The temples of Abu Simbel, discovered two centuries by John Lewis Burckhardt Swiss and Italian Giovanni Battista Belzoni 290 kilometres from Aswan, in order to more complex save the most grandiose monument carved out of rock. Various projects, it was proposed as the isolate it in a kind of aquarium glass lifts up to the surface but finally Egypt chose the rescue plan for the signing of Swedish engineers Vattenbyggnadsbyran.  The great Temple of Ramsés II  would be cut into pieces of a giant puzzle and reconstituted at the top of the plateau, above the maximum dimension that will reach the waters.


That 1960 started the largest archaeological salvage of all time. With support from Poland, Italy, Checolovaquia, the Soviet Union, Austria, France, Germany, Spain, United States, the Netherlands, Great Britain, Switzerland and Finland which have joined the effort to Egyptian to save the Nubian heritage from oblivion and destruction.

In November, 1963 the works began, with the construction to protect the temples of the ascent of the waters of the lake. After the previous operations of installing a drainage system, raising scaffoldings, installing a few enormous alleys of aluminium to accede to his interior and to cover the fronts with sand and curtains of iron to protect them from possible hurts, in May, 1965 there was cut the first one of the blocks, the "GA1A01", which logically would be one of the last ones in recovering his position in the new emplacement.Engineers and workers of five countries were employed at the hard local conditions to fragment accurately surgical the set of sandstone in 1.036 blocks of between 7 and 30 tons each one.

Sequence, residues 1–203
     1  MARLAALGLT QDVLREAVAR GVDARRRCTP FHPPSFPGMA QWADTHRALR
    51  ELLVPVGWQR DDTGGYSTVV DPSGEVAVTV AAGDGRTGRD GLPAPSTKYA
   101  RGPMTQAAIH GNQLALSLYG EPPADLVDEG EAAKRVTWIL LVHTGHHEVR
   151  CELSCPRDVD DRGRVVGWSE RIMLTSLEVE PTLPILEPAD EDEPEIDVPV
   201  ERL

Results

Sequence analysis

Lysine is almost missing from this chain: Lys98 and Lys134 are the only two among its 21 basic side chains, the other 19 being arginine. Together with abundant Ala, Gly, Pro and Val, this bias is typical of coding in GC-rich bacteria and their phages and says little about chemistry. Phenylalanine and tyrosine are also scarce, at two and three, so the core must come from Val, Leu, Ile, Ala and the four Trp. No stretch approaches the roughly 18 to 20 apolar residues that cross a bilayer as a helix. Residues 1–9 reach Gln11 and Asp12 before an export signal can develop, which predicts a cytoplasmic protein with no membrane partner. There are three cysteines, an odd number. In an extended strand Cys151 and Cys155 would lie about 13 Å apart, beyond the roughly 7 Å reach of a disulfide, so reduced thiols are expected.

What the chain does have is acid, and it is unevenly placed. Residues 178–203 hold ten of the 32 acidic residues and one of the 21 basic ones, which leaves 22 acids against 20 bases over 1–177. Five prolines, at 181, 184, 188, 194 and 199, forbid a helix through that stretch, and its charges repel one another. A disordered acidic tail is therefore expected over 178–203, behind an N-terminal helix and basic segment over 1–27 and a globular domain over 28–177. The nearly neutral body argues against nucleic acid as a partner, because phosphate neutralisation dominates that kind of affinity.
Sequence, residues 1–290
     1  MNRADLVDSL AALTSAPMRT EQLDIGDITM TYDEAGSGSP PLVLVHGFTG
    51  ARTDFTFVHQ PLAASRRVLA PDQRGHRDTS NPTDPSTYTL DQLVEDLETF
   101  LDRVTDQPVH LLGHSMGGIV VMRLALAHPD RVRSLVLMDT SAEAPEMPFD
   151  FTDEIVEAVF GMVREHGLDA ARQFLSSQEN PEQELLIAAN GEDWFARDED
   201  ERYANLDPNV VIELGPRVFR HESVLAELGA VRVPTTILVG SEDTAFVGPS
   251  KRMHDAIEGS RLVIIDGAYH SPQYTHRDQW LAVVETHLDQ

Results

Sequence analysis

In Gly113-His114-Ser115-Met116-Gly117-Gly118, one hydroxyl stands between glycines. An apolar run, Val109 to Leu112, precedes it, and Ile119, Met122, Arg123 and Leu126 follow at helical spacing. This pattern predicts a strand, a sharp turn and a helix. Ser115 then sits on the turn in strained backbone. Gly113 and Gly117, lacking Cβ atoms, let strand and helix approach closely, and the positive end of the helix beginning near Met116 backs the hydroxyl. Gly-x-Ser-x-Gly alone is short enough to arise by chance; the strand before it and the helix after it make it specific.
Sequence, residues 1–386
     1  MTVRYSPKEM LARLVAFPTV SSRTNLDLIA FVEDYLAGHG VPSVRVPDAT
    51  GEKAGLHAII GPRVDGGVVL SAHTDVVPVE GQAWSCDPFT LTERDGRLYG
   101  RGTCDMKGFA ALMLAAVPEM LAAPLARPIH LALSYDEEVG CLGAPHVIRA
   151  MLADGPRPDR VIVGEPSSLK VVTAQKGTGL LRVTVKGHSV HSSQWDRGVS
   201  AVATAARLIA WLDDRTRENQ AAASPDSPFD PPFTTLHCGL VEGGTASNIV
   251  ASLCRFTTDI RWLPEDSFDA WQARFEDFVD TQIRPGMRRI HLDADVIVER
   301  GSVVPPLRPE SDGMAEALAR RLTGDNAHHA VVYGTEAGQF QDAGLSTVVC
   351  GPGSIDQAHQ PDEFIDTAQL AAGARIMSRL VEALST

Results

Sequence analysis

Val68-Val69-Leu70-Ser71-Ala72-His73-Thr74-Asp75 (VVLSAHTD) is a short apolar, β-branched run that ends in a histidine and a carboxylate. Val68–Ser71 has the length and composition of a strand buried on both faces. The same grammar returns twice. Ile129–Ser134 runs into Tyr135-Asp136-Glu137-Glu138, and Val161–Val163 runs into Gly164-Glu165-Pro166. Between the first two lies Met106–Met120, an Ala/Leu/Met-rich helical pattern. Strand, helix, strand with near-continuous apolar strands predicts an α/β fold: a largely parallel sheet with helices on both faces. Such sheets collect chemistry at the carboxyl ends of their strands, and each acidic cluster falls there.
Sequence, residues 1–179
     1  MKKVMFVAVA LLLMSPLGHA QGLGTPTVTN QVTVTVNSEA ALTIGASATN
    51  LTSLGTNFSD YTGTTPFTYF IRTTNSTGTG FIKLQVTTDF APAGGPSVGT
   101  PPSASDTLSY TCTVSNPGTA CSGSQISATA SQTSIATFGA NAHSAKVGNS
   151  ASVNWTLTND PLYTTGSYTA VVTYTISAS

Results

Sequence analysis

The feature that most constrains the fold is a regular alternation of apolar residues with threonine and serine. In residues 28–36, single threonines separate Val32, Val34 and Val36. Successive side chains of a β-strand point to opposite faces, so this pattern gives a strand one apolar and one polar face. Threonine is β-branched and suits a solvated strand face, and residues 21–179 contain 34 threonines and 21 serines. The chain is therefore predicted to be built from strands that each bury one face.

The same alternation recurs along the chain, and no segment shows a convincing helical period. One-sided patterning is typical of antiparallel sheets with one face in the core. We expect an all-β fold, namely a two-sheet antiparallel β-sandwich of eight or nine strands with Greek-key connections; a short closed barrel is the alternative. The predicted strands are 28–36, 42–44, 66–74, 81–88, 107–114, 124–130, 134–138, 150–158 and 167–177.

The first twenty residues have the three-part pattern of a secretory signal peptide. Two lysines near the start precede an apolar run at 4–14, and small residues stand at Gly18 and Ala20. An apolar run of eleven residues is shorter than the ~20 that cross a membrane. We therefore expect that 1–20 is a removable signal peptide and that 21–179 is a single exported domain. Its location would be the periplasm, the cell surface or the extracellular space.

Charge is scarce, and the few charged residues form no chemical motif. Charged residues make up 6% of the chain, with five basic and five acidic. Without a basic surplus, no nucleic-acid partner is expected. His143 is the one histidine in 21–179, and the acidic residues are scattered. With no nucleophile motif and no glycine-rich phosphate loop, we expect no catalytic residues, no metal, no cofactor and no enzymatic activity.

Powerful derricks moved the blocks up to his new location where the puzle re-consisted carefully, covering the signs of the cuts with clays, paintings and sands in such a way that today scarcely they are perceptible. These works finished in September, 1967.

The last stage consisted of raising on every temple a few gigantic domes capable of supporting the rocks that would cover the set, simulating the original work though some kind of minors that the primitive ones. On September 22, 1968 the conclusion of the project was celebrated by a solemn ceremony.


Forty eight countries, between them Spain, contributed to the financing of this titanic work that cost 41,7 million dollars. Egypt took charge of the half of the expenses.


In gratefulness Egypt donated four temples to the principal countries that took part: Spain received the donation of  Debod's Temple that gave the orders the king constructed meroita Adijalamani at the beginning of the 2nd century B.C., the Netherlands received Taffa's temple, Dendur's Temple travelled up to the Metropolitan Museum of Art of New York, and Al Ellesyia's Temple temple to Italy.